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Bug Park [Turtleback]

James P. Hogan
4.3 out of 5 stars  See all reviews (9 customer reviews)

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Turtleback, April 1999 --  
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Book Description

April 1999 0606161678 978-0606161671
Visionary teens Kevin and Taki realize that they can make millions from Bug Park, a micro mechanical entertainment park that employs direct neural interfacing, but a murderous saboteur forces them into a war of physics.
--This text refers to the Hardcover edition.

Product Details


Product Description

From Library Journal

Having developed Direct Neural Coupling, the Neurodyne company is doing well?but someone may be selling its secrets to Microbotics and creating killer mechanical bugs. Hogan's (Paths to Otherwhere, LJ 12/95) tension-filled thriller is recommended for sf collections.
Copyright 1997 Reed Business Information, Inc. --This text refers to the Hardcover edition.

From Booklist

Eric Heber and his wife, Vanessa, are on the cutting edge of technology, using direct connection between the human brain and mecs--tiny insect-scale robots--to explore a whole new world of experience and knowledge. But someone is out to steal this bold new science and pervert it to their own uses. Eric's teenage son Kevin and his friend Taki are caught up in these machinations and must convert their skills at playing with the mecs to the deadly serious business of outwitting the criminals and saving the life of Eric's engaging lawyer, Michelle Lang. Hogan's talent carries the reader from peak to peak in the story, while his knowledge of science and the meticulously drawn Seattle and Puget Sound locales constitute a splendid backdrop for the nonstop action. Dennis Winters --This text refers to the Hardcover edition.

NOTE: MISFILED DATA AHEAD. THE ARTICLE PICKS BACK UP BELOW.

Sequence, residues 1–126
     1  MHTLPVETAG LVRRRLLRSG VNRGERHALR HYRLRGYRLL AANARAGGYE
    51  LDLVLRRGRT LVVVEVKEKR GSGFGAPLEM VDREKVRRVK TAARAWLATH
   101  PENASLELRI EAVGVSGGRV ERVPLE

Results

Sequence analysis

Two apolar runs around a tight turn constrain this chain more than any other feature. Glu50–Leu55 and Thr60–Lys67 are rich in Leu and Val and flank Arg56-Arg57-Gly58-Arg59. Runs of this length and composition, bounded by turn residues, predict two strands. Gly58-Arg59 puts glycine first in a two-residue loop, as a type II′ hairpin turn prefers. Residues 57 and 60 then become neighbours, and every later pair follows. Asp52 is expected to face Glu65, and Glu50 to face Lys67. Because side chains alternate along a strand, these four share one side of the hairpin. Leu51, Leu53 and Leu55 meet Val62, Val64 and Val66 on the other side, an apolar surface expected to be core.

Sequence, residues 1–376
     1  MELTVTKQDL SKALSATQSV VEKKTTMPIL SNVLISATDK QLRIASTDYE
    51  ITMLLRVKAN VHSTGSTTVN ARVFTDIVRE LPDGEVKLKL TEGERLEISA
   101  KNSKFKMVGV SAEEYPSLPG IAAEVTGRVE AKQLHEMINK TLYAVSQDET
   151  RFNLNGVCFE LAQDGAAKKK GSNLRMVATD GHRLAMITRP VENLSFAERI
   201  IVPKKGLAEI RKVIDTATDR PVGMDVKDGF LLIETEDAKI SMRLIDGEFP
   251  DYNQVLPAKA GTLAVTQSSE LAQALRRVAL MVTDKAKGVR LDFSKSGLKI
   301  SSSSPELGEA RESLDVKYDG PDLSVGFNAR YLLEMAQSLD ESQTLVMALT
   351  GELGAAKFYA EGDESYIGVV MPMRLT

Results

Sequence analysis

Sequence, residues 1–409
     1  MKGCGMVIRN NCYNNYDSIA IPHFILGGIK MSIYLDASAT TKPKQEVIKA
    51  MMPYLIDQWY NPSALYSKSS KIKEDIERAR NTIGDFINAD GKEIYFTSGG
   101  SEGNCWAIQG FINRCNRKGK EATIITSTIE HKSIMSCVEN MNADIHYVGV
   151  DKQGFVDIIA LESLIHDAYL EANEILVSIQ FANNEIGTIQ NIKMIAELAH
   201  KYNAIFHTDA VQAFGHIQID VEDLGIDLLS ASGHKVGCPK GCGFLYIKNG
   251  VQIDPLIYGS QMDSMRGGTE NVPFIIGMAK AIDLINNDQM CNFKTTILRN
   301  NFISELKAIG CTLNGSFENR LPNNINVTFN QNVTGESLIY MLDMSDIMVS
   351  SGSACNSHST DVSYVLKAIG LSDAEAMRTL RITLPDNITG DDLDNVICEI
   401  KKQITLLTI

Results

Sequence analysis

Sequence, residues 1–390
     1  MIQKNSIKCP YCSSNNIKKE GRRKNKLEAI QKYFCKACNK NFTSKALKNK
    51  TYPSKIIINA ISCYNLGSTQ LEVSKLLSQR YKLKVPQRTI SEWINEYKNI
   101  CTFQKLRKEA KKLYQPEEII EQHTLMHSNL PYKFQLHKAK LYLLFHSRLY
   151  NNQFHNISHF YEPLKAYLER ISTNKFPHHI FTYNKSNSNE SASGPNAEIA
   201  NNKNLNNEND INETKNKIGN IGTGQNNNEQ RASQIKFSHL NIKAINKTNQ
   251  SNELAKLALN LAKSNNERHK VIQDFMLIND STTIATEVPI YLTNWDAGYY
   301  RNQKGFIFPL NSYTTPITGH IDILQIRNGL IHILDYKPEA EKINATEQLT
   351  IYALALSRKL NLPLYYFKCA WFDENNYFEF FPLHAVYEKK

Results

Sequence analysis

Customer Reviews

4.3 out of 5 stars
4.3 out of 5 stars
Most helpful customer reviews
4.0 out of 5 stars Telepresence in an Insect Microcosm Oct. 29 2003
Format:Mass Market Paperback
In Charles Scheffield's excellent novel, THE NIMROD HUNT, micro-miniaturized man-shaped mechanoids battle live spiders and warrior ants. The human controllers become immersed in attacks on nests or anthills via telepresence. The electronic sensorium provided by the mechanoids' sophisticated sensors temporarilly replaces normal human senses.
In BUG PARK, James P. Hogan updates the same idea to create a futuristic amusement park game. People battle insects by putting their controlling 'consciousness' inside tiny bug-sized, man-shaped "mecs". When a mec is seriously damaged or rendered inoperable by an ant, the human operating that mec is unceremoniously thrown out of the game for "dying."
Hogan uses DNC, direct neural coupling, a technology yet to be invented, to pull this off. DNC shuts down our normal senses and replaces them with sensory input from the mecs. DNC allows Eric Heber, one of the teenage protagonists, to control the movements of the "Taki" mec as if its limbs were his own.
I have been an avid reader of James P. Hogan's works since his classic first novel, INHERIT THE STARS. Even though BUG PARK is a juvenile novel, the science and technology are as fully explained as anyone would ever want and most adults will also enjoy this book,
Readers will love the rapid, breath-taking pace of BUG PARK. Indeed, I can easily see how this novel could become a major blockbuster motion picture with its exciting mix of cutting-ege technology, kids in peril and corporate corruption.
(Are you listening DISNEY Corp.?)
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4.0 out of 5 stars No Bugs : Johnny Quest vs. The Evil Step-Mother Feb. 1 2003
Format:Mass Market Paperback
Mr. Hogan did a fantastic job with the physics in this book. That is the one thing that kept me reading more than anything else. What I was disappointed in, is that fact that with a title of "Bug Park", there are so few insects/arthropods of any kind in the story, it is like eating a McD's cherry pie, and finding only one cherry...very disappointing indeed. The story should be re-titled.